Culture and Cosmos is a peer-reviewed academic journal in the history of astrology and cultural astronomy published in association with the Sophia Centre for the Study of Cosmology in Culture, School of Archaeology, History and Anthropology, University of Wales Trinity Saint David

Vol 18 no 2 (Autumn/Winter 2014 will be published in July/August 2016. Vol. 19 (2015) will be a double issue featuring the proceedings of the 2013 Sophia Centre conference on Celestial Magic and is scheduled for publication in September/October 2016. Vol. 20 (2016) will be a double issue featuring the proceedings of the 2014 Sophia Centre conference on the Marriage of Heaven and Earth.


Volume 15-2

William Gilbert: Macrocosmal Astrologer in an Age of Revolution

Paul Cheshire

Abstract

William Gilbert’s writings on magic and astrology were published anonymously in The Conjuror’s Magazine between 1791 and 1793. He announced these would form a Treatise on Macrocosmal Astrology, whose object was the enlightening of Mankind.  My paper will be concentrating on his predictions of revolution: death and destruction of grandees. He insisted (unlike his contemporaries Worsdale or Sibly) on the omnipotence of the recently discovered Uranus. The Georgean Planet, as he called it, would bring revolutionary renewal as cosmically significant as the star that appeared to the Magi announcing the birth of Christ. Gilbert is best known as the author of The Hurricane: A Theosophical and Western Eclogue, a poem published in Bristol in 1796 while he was associating with the poets Coleridge, Wordsworth and Southey.  Gilbert explained that his poem was grounded on a Theosophical view of the relation between America and Europe. He believed that the American Revolution and succeeding events in Europe were the opening stages of a coming golden age which was being shaped by the continents as evolving cosmic principles. There were justifiable doubts about his sanity, and his contemporaries regarded The Hurricane as a work of eccentric incoherence partly because of a lack of understanding of the occult tradition underlying it. The four continents correspond to the four elements and the cardinal signs of the zodiac, and are a brilliant reshaping of a tradition of hermetic geography that can be traced back through seventeenth century hermetic philosophers to Ptolemy.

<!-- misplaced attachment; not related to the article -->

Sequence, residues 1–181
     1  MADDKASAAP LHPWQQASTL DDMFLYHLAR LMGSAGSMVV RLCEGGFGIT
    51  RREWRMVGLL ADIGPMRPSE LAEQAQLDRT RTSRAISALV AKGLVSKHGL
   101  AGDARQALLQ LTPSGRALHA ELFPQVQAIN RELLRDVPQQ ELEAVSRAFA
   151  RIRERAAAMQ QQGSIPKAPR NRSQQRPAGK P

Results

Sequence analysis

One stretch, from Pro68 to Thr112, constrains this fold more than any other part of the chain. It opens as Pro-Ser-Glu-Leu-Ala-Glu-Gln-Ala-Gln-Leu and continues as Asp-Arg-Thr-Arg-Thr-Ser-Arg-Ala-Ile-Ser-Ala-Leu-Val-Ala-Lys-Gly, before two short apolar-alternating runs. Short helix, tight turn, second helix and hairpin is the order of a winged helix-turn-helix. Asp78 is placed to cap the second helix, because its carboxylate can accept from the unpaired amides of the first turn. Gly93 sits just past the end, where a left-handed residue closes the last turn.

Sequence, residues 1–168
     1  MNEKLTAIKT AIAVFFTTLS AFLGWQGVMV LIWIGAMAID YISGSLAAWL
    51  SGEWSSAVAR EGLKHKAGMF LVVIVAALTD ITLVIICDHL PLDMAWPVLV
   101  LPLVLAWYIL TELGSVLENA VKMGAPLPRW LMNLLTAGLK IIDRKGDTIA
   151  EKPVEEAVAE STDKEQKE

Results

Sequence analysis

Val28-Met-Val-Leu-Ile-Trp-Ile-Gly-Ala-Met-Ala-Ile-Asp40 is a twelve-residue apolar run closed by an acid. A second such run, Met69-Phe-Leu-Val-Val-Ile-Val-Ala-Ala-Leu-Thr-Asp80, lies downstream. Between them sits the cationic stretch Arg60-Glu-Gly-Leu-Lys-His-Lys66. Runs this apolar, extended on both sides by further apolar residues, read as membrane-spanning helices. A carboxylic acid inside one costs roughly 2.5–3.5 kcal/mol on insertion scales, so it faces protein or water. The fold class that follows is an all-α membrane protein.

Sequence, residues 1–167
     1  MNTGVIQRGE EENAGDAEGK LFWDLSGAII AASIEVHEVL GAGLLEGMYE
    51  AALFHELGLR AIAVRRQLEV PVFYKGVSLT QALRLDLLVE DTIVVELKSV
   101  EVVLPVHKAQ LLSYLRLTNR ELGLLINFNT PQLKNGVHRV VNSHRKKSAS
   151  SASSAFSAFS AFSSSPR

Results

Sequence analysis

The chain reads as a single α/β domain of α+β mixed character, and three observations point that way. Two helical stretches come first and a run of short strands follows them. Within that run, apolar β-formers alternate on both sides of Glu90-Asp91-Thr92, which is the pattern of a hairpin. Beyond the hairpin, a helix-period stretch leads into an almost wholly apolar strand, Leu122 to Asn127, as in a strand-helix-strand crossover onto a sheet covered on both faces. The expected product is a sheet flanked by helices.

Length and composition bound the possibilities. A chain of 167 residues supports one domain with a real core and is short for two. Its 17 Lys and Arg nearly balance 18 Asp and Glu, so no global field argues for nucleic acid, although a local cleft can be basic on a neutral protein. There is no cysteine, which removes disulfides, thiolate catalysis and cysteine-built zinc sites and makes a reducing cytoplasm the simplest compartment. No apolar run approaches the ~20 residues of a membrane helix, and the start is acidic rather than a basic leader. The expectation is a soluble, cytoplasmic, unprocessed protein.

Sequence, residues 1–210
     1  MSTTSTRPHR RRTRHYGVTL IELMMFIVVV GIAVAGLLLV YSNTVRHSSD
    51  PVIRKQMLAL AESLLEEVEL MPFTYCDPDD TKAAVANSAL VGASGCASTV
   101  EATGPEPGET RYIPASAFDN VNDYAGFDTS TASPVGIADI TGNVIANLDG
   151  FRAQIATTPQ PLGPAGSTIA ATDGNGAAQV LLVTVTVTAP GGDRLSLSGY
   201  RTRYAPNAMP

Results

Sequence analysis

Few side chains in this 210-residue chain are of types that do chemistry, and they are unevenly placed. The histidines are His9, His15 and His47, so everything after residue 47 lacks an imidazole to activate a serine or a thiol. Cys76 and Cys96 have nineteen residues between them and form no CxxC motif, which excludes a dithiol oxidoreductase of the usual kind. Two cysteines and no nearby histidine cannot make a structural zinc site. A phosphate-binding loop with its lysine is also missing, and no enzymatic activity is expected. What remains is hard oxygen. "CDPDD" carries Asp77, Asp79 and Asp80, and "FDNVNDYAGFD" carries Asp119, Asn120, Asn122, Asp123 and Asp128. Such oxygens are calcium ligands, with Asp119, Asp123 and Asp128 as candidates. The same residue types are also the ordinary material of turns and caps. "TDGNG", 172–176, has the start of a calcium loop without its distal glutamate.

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Dr. Nick Campion, n.campion@uwtsd.ac.uk, (University of Wales Trinity Saint David) Chair

For queries about technical issues or the website:
Dr. Frances Clynes, frances.clynes@sophia-project.net (University of Wales Trinity Saint David)



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